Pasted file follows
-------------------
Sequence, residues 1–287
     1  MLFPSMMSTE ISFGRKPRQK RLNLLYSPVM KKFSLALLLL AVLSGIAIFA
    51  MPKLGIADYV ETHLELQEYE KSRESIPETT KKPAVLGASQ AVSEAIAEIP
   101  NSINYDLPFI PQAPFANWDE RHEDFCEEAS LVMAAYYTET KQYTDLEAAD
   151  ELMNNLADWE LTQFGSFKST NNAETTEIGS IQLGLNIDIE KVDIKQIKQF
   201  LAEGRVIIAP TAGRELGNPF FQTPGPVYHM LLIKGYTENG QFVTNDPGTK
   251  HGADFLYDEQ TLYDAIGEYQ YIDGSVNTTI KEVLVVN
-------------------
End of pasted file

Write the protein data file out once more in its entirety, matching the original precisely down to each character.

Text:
Sequence, residues 1–287
     1  MLFPSMMSTE ISFGRKPRQK RLNLLYSPVM KKFSLALLLL AVLSGIAIFA
    51  MPKLGIADYV ETHLELQEYE KSRESIPETT KKPAVLGASQ AVSEAIAEIP
   101  NSINYDLPFI PQAPFANWDE RHEDFCEEAS LVMAAYYTET KQYTDLEAAD
   151  ELMNNLADWE LTQFGSFKST NNAETTEIGS IQLGLNIDIE KVDIKQIKQF
   201  LAEGRVIIAP TAGRELGNPF FQTPGPVYHM LLIKGYTENG QFVTNDPGTK
   251  HGADFLYDEQ TLYDAIGEYQ YIDGSVNTTI KEVLVVN